Ten-year-old Jacob Clark recalled his previous visit to a dentist, when he had a tooth pulled.
"It hurt," he said. "Well, it hurt a little."
Nonetheless, Jacob was among those in attendance Sunday for a dental exam and preventive treatment at the first Day of Giving sponsored by the Crescent Community Clinic, Ackley Dental Group and Kiwanis Club, all of Spring Hill.
More than 50 elementary school students were selected through the Hernando School District as both needy and worthy of the service.
"Patients treated here are those who fall through the cracks," said Dr. Eva Ackley, head of the team of four dentists, three hygienists and eight staffers who cajoled and smoothed the way into the dentists' reclining chairs for the young patients.
Some of the children qualify for Medicaid; some are from financially distressed families. None have dental insurance.
Jacob's aunt, Paula Clark of Spring Hill, said she had to tow in the third-grader.
"He didn't have a choice," Clark said.
Jacob admitted that when his aunt announced he was going, he objected.
Although he arrived with a loose baby tooth, perhaps facing another extraction, he stoically declared he wasn't scared.
Aunt Paula told him he would have his teeth cleaned.
But as hygienist Laura Wentworth plied his teeth with the soft-footed, electric-powered cleaning tool, Jacob called out: "It hurts. It hurts."
Wentworth paused and pointed out an X-ray of Jacob's teeth.
Said Jacob: "That's my tooth. It has a hole in it. That's why it hurts."
Wentworth promised Jacob she would proceed cautiously, and the procedure continued uneventfully.
Jodi Little, 5, had visited a dentist once previously, when she was 4.
"She cried and cried. She wouldn't open her mouth," said her mother, Krystal Little of Masaryktown.
After her exam Sunday, during which three small cavities were found, Jodi exited smiling.
"It was good," she said of the cleaning paste. "It tasted like bubble gum."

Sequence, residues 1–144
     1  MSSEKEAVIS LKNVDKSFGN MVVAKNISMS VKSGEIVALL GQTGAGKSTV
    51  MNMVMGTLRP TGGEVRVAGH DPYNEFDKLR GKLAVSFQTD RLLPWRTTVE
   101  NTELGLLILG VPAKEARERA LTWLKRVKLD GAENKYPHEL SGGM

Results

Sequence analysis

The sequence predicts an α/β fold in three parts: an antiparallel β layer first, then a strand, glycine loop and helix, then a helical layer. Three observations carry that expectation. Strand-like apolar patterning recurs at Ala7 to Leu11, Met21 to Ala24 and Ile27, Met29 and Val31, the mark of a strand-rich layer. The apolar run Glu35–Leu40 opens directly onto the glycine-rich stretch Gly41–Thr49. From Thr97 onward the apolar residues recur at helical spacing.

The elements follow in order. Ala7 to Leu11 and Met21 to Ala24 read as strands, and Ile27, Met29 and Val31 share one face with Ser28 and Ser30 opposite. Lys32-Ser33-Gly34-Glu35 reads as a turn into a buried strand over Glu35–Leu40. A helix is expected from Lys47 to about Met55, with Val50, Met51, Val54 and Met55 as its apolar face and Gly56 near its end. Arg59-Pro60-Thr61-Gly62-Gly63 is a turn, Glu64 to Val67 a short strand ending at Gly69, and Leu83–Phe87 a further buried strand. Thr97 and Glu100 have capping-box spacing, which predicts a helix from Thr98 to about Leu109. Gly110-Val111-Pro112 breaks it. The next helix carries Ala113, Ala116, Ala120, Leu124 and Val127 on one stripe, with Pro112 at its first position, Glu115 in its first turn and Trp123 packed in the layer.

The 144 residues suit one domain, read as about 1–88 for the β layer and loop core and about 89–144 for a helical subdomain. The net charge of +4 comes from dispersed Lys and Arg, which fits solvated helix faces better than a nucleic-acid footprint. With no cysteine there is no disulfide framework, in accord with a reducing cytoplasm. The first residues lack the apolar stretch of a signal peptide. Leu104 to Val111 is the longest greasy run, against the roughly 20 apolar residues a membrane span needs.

She held up a gift — a new purple and blue toothbrush.
Five-year-old James West of Spring Hill was excited to come for his exam, said his grandmother, Jackie West, with whom he lives. She said James brushes his teeth "morning and evening."
"We push, push, push on brushing," Jackie West said.
Ackley said it is helpful when kids take good care of their teeth at home.
She said Sunday's clinic didn't turn up anything unusual.
"We found an abscessed molar, a broken molar, cavities," she said.
Still, she said she would like to see Hernando County and the city of Brooksville add fluoride to their water supplies. Statistics show that fluoride in drinking water reduces cavities and hardens teeth, she said.
"This area has a higher decay rate," Ackley said. "(Fluoride) is available in liquid or vitamin form as a prescription, but it must be paid for. You can get it to (people) for pennies if it's in community water."
Ackley said local dentists are preparing to lobby both governmental bodies to consider the measure.
At Sunday's free event, held in conjunction with the national Children's Dental Health Month, the patients and their families enjoyed free hot dogs and burgers, provided by the Kiwanis Club. And the youngsters took home goody bags of soap and other toiletries, plus healthy snacks such as applesauce and pudding cups, provided by People Helping People.
Said nurse Maureen Solimon of Crescent Community Clinic: "We're hoping this will inspire more community partnerships."
Beth Gray can be contacted at firstname.lastname@example.org.